Geeks2U Promise
We guarantee you'll love our fast, friendly service - or we'll refund your money.  
133,572 Happy Customers & Counting
Need tech support?
1300 769 448
Extended hours, 7 days a week
Home  /  geekspeak  /  Apple recalls power adaptors: What you need to know

Apple recalls power adaptors: What you need to know

Apple’s issued a rather urgent recall on power adaptors for its iPhone, iPod Touch, iPad and Macbook computers, based on the possibility that they may easily break and leave users susceptible to electric shock. For what it’s worth, the scale of the problem could be quite wide, with adaptors sold on Apple equipment dating from 2003 all the way through to 2015 potentially susceptible, but Apple’s only identified 12 cases from all that time. When you put that against the sheer number of devices Apple’s sold in that time, it’s statistically not that huge. Then again, as with anything electrical, there is absolutely zero point in taking risks.

So how can you tell if you’ve got an iffy adaptor? For this, you need to examine the plug end. Apple ships its plug adaptors for Macbook and iOS devices in two parts, with a section that connects to the device. For a Macbook this is a magsafe magnetic adaptor, whereas for iOS devices it’s a USB connection out to either a 30 pin dock plug or lightning plug, depending on the age of the device. This is clicked into the actual plug-into-the-wall part, known as a “duckhead”. Look at it sideways and you’ll work out why.

The duckhead is the important bit to check. If it’s essentially rectangular, you’ve got one of the newer, safe duckheads and you don’t need to do anything else at all. If, however, it’s a round duckhead plug type, you need to separate it out from the other plug section and check the interior inside slot. This is the section that slides down and locks into the main body of the power adaptor. It will either have a three letter code — if you bought your Apple equipment in Australia it’ll read “AUS” — in which case it’s perfectly safe, or a four or five digit code, or possibly no code at all.

It’s those latter cases — 4/5 digit code or absence of code — that indicates it’s part of the batch being recalled. If that describes your duckhead plug, you should contact Apple or an authorised Apple Service Provider to arrange a swap for the new, safer rectangular plug type.

There’s one other factor to bear in mind here if you’ve got a Macbook, Macbook Pro or Macbook Air with a potentially suspect plug. The issue is only with the duckhead part that slots directly into the large square power adaptor for Macbooks, and again is only of concern if you have the round type plug. What’s key here is that Apple supplies two plugs in their Macbook boxes. There’s a straight duckhead, and then there’s an extension cable type connector that goes out to a more triangular looking plug head. If you’re using the second type extension, you’re perfectly safe and don’t have anything to worry about, although it’d be sensible to get the other duckhead plug swapped out at your convenience, simply because if the extension cable snaps or similar you’d still be able to charge your Macbook without having to buy an entirely new adaptor.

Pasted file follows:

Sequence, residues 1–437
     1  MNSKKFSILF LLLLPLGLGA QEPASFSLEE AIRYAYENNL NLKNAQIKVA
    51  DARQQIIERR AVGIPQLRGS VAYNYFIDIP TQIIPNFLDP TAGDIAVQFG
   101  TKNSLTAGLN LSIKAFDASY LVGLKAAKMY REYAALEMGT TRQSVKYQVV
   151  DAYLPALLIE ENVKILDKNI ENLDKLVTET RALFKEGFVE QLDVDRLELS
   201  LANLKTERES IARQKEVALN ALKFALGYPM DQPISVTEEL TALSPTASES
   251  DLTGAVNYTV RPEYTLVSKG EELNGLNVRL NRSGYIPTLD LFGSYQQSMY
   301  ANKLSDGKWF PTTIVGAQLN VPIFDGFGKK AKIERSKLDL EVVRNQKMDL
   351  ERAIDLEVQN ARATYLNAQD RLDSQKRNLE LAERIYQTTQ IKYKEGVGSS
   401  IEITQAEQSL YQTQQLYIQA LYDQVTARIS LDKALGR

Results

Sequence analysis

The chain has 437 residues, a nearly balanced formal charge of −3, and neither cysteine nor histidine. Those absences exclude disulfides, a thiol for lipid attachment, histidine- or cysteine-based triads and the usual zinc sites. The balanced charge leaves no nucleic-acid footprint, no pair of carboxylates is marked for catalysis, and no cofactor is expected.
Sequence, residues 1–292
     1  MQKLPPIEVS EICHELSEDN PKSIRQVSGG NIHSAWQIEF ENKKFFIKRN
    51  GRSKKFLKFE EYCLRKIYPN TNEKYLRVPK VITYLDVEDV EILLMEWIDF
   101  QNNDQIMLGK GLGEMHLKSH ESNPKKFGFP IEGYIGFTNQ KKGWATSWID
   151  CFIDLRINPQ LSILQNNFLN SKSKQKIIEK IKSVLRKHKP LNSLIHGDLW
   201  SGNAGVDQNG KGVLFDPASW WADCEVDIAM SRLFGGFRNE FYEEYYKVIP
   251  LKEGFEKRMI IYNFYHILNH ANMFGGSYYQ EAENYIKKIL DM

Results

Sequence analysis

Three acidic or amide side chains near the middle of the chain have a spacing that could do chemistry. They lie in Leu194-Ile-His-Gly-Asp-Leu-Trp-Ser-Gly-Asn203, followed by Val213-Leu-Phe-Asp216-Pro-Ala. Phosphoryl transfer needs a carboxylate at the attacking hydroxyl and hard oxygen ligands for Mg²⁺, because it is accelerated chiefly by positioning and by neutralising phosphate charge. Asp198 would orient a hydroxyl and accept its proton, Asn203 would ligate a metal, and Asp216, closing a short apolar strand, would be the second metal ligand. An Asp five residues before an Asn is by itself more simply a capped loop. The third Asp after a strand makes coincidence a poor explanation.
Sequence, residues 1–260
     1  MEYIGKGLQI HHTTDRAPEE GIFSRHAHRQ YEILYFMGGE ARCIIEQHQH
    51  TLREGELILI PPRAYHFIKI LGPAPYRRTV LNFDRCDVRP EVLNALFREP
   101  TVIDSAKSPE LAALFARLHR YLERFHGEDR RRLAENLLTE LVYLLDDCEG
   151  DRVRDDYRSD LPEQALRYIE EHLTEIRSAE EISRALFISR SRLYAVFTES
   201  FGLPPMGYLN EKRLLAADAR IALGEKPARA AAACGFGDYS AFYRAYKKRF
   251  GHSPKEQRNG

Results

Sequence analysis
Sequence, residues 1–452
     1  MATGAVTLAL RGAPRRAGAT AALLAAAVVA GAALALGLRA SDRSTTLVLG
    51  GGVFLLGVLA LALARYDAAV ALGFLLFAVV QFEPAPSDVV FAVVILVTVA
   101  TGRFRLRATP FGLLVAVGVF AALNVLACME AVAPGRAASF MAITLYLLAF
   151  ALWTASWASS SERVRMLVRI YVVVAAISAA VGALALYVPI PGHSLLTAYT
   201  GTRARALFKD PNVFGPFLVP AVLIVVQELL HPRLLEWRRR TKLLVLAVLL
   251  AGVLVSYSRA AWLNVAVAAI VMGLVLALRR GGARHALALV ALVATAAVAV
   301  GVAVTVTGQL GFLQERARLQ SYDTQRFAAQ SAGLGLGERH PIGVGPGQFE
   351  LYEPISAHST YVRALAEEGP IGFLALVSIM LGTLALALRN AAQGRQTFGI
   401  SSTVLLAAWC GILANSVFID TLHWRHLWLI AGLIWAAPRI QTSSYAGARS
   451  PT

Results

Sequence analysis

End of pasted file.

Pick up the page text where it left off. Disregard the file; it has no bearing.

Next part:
Apple has set up a web site that runs through the plug types and your options for procuring a replacement, including if you’ve already purchased a replacement from Apple due to the plugs breaking; in that case there’s the possibility of a refund in the cards for you.


Recent News

The battle between search giant Google and proposed media legislation that would require it to pay major news organisations for linked content – which I’ve discussed previously – heated up recently, with Google stating that it would pull its search services from Australia if the rules as proposed become actual law. There are arguments for

We’ve ALL been there. You’re working away on that big monthly report for work and all of a sudden you start to hear what sounds like a fan going into overdrive. Panicked, you pick up your laptop and it’s super hot to the touch! Your computer starts working slower than usual and you even get

Every year since 1967, the US Consumer Electronics Show, or CES for short shows off the latest in technological innovations and products that manufacturers are hoping to bring to market. Back in 1967, that would have encompassed a lot of radio and TV products. You don’t so much see radio as a key part of

As I’m writing this, the Consumer Electronics Show that would usually take place in Las Vegas is instead being staged entirely online, due to the ongoing pandemic issues. CES has for the longest time been the place where big consumer electronics companies show off their latest TV innovations, and while it’s not debuting this year,

Coronavirus (COVID-19) Update

Learn about the precautions we are taking and our new contactless pick-up and remote service options. Read More
Get help setting up your home office or homework area today. Learn More